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have the benefit of the advice of the whole of that right reverend bench.

The Bishop of London said, that he had read the bill with considerable attention, and highly approved its principles and provisions ; he should therefore be glad to see it pals as foon as pollible. As to the opinions of his right reverend Breihren, he could not say any thing ; but as the bill was to promote so worthy a purpose, he thould be sorry it should meet with any delay i at could with propriety be avoided.

The Duke of Norfolk retraced some of his former argu. menis, and pressed the House to agree to his motion, as the delay would be so short.

The Lord Chancellor said, that if the House did not pass the bill this feffion, and a bill of a similar tendency did not come from the other House during the first week of the enfuing fellion, he would certainly bring a bill for the pure pofc into that Houfe.

The Bithop of London said, that if the House were inclined to postpone the bill, it was by no means his intention to persist in the opinion that he had delivered, but would acquiesce in the judgment of their Lordships.

The question was then put, that the bill be read a second time that day three months, and carried nem. diffent. The bill was therefore deferred to the next feilion.

Adjourned to the next day.

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FRIDAY, AUGUST 5. On the motion of Lord Hawkesbury, a new wsit was ordered for St. Edmund's Bury, in the room of Lord Hervey, now Earl of Bristol.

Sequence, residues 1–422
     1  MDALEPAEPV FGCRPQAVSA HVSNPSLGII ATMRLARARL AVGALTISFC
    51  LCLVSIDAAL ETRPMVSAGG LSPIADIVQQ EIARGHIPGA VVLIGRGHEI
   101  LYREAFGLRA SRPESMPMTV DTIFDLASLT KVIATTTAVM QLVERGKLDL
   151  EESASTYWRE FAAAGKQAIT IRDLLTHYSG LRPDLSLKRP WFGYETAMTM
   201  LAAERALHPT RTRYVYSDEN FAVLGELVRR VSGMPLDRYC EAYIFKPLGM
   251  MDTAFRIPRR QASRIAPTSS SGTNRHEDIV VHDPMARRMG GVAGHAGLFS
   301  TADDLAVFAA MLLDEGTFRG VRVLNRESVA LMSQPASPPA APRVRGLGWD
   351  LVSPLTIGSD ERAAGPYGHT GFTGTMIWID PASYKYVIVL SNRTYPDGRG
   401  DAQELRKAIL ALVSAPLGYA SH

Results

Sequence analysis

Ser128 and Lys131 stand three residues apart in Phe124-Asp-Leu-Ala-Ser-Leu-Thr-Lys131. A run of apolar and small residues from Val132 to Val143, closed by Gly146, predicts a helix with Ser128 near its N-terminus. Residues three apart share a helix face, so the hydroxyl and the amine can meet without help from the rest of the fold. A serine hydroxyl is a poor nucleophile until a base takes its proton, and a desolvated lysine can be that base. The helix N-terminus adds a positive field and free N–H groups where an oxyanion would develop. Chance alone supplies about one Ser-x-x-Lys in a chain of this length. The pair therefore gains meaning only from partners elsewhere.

The Tortola free-port bill, the warehousing and bonding bill, the Scorch affefled tax bill, the American creaty bill, the Bell Rock light-house bill, the consolidated fund bill, the Canada Couris bill, and the stamp duties bill, were severally read a third time and passed.

Lord Amherst's annuity bill, the Irish glebe-house bill, the wine prizage bill, the ailefled taxes bill, the Irish sugar importation duties bill, and the neutral ships bill, were reported, and ordered to be read a third time the next day,

An account was presented of the increase and diminution of the public salaries and offices.

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A message from the Lords informed the House, their Lordships had agreed to the receipe tax bill, the Irish tea duties bill, the deal and Dover pilots bill, and the customs' duty bill.

The House went into a Committee on the foreign notes bill. The report was received, and the bill was ordered to to be read a third time the next day.

A petition was presented from certain innkeepers, complaining of the hardships they sustained by the billeuring of soldiers.

Petitions were also presented from the debtors in the castle of Cambridge, and in the New Compter.

The Lords' amendments to the volunteer corps bill were agreed to.

DEFENCE OF THE COUNTRY. The general defence amendment bill was read a third time, after which the Secretary at War brought up several clauses; namely, a clause to allow commanders of volunteer corps 10 employ ferjeants to inftruét the volunteers in the military exercise, with an allowance of 25. 60 per day; a clause to exempı masters and mates of merchant vefsels from the paya • ment of fines; a clanse for allowing Lords Lieutenants to appoint officers in the room of those displaced ; a clause for enabling the Lord Lieutenant to apprint the Deputy Lieutenants to do duy for hiin in cases of sickness; and a clause providing that all perfons enrolled thould take the oathis of allegiance and fidelity to his Majesty.